Kami Glass loves someone she’s never met . . . a boy she’s talked to in her head ever since she was born. She wasn’t silent about her imaginary friend during her childhood, and is thus a bit of an outsider in her sleepy English town of Sorry-in-the-Vale. Still, Kami hasn’t suffered too much from not fitting in. She has a best friend, runs the school newspaper, and is only occasionally caught talking to herself. Her life is in order, just the way she likes it, despite the voice in her head.
But all that changes when the Lynburns return.
The Lynburn family has owned the spectacular and sinister manor that overlooks Sorry-in-the-Vale for centuries. The mysterious twin sisters who abandoned their ancestral home a generation ago are back, along with their teenage sons, Jared and Ash, one of whom is eerily familiar to Kami. Kami is not one to shy away from the unknown—in fact, she’s determined to find answers for all the questions Sorry-in-the-Vale is suddenly posing. Who is responsible for the bloody deeds in the depths of the woods? What is her own mother hiding? And now that her imaginary friend has become a real boy, does she still love him? Does she hate him? Can she trust him?
I honestly didn’t know what I was getting myself into when I started this one. You’re kind of thrown into Kami and Jared’s connection, and the background comes later. Kami is Asian, and it’s always nice to follow a POC around a novel. Kami communicates with a boy named Jared in her head. He’s been there for Kami’s whole life, though she keeps it a secret. When the Lynburn family moves back to Sorry-in-the-Vale, the voice in her head becomes a real boy-Jared Lynburn, himself. Jared is, of course, a leather jacket-wearing bad boy who Kami dislikes on first sight, mostly because he’s an over-the-top jerk to her when they realize who they are to each other. I’m sure he has his reasons (like he’s just trying to protect Kami from something, sigh, boring tropes are boring). I was sure Jared was such a jerk so we could see how nice his cousin, Ash, was by comparison, thus setting up the love triangle! Excuse my snark, but the beginning of this one didn’t do much for me. Maybe I’ve read too much fanfiction, but that’s what this reminded me of at first. (You must be wondering why I gave it five stars if I disliked it so much. Oh, ye of little faith! Read on!)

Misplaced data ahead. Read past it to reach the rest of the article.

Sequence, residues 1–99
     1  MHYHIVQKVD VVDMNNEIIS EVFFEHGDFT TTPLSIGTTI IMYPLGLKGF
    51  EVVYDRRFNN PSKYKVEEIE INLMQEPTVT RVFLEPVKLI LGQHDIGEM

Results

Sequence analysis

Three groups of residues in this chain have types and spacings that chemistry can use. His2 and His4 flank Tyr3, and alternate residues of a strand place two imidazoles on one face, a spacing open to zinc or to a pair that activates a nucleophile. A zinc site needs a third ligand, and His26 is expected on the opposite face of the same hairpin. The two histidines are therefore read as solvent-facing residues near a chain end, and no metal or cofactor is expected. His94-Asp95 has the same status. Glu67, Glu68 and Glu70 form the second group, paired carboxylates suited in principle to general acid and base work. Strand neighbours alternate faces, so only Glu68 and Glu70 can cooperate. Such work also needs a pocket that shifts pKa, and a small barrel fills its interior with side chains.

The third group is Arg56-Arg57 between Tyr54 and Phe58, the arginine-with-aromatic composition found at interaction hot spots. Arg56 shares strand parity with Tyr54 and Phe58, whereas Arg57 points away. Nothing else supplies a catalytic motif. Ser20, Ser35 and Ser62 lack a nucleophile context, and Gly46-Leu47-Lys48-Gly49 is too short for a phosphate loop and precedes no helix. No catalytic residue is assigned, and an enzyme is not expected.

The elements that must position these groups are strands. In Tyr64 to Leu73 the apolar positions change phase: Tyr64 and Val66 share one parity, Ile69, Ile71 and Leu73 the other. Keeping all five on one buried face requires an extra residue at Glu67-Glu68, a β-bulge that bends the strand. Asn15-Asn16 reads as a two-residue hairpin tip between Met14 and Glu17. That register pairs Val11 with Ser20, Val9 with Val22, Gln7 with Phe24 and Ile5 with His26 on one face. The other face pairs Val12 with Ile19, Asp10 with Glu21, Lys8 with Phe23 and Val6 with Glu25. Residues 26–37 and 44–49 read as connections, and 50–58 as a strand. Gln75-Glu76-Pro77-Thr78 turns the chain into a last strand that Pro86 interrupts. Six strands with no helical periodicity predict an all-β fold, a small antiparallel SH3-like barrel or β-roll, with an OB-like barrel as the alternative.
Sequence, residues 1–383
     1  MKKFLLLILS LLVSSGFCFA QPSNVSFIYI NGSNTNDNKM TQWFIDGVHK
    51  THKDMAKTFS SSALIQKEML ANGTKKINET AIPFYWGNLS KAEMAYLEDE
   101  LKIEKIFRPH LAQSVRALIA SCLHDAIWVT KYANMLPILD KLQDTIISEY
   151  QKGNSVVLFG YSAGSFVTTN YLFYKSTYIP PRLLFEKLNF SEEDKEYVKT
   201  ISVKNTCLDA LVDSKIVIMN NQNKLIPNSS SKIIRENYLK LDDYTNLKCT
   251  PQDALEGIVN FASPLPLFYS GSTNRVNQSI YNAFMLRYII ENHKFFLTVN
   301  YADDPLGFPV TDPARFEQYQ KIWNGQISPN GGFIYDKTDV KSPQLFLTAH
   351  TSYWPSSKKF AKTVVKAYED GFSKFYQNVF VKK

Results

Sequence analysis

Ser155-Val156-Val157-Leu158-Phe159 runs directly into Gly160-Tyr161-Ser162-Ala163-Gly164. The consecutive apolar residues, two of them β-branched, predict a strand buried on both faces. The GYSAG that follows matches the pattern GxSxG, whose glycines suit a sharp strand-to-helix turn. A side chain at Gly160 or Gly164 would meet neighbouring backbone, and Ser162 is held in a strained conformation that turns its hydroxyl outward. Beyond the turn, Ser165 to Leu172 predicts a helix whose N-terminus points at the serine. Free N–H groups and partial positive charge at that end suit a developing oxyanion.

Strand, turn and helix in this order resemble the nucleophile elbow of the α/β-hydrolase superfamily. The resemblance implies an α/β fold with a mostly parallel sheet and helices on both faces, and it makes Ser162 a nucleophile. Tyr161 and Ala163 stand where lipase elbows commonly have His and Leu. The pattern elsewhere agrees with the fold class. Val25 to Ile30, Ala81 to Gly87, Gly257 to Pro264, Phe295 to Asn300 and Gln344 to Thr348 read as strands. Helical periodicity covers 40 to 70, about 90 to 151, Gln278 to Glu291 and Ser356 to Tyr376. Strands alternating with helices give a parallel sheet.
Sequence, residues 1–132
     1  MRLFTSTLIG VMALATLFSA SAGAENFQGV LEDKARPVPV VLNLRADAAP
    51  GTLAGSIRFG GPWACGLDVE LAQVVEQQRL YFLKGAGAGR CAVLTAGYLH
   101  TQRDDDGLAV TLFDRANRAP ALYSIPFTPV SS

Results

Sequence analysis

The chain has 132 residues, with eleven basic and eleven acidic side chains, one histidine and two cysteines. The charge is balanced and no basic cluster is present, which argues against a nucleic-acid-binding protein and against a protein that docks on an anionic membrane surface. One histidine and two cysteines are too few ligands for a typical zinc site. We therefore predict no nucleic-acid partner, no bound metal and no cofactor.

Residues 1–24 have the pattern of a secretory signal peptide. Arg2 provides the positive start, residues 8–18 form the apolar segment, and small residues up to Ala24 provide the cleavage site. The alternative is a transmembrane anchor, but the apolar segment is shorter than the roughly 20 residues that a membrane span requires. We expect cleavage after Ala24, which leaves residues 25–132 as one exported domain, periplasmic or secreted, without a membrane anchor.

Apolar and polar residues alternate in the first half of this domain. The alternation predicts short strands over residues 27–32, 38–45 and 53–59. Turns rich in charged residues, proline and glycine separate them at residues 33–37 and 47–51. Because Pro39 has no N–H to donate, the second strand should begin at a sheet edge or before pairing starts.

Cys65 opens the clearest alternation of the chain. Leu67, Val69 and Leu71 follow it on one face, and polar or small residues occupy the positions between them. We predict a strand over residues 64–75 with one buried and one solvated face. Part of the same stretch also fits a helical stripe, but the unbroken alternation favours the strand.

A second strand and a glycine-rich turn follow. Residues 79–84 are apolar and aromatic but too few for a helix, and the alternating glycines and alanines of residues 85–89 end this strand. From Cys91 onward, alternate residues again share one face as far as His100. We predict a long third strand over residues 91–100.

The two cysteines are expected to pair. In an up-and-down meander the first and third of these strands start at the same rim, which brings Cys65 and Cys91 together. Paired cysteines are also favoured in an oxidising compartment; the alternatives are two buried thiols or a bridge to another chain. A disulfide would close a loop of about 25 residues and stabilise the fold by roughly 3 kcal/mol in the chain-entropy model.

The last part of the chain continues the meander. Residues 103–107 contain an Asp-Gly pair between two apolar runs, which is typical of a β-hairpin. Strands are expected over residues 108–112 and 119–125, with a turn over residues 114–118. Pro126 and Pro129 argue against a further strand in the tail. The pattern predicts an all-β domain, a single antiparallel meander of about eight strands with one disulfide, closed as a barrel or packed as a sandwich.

Eventually, Jared and Kami start hanging out, which brings us back to the plot: someone is killing animals in the woods near Kami’s house, and she’s determined to find out who and why. I really, really liked the conversations Kami and Jared had. They were both smart and witty, and it made the dialogue pleasant to read. I felt their spark, even if they fought it. Did I mention I was wrong about the love triangle? Wrong in the best way, really, as there is very little romance at all in Unspoken. You should all know by now how happy that makes me. Basically, try to go into this one expecting and hoping for absolutely nothing romantically, and you should be just fine. In fact, I even started to like Ash a bit. It’s a romance I’m willing to let burn slowly, throughout the series, let’s put it that way. And oh, this one is funny. The interaction between characters left tears in my eyes from all the laughing. One of my favorite lines, out of context, is, “Oh my god, Jared. Don’t tough-talk the lambs.” The friendships between Kami and Jared, and Kami and Holly, and Kami and Angela were just so fluid and perfect in this book. That made me so happy.
Another thing I liked is how matter of fact everyone is about magic. You’re confused and in the dark at first, but once it comes out, people are talking about it like it’s no big deal. And I feel like maybe I should know better, but I like how dark and unsettling Jared is. That doesn’t necessarily mean I personally like him, but his characterization was just right for me. He has had a tough life, and his whole family are like creepy wax dolls with very little emotion. You’re bound to be messed up with that kind of life. So he grew on me, and so did angry, angry Angela. I liked Kami, Ash, and Holly right away. I love them all as a team so much. They’re all so different, but they complement each other in myriad ways, and I just feel like I was always laughing (when I wasn’t basking in this book’s delicious subtle angst). I was dismissive of the romance at first, but it is truly bittersweet, and I just loved the way it hurt my heart to read about. They’re teenagers, and they’re so interconnected, they haven’t had a chance to figure themselves out. That’s what adolescence is all about, and they haven’t been given that crucial developmental period. But they love each other. It’s so heartbreaking that it makes me happy, which should tell you something about my cold, black heart. That’s all I’ll say about that.
The ending to this one kills me, as does knowing how long it’s going to take for the next one to come out. This book is a must-read for all fans of Gothic, paranormal YA with magic, a bad boy, and witty dialogue all around. Definitely pick this one up!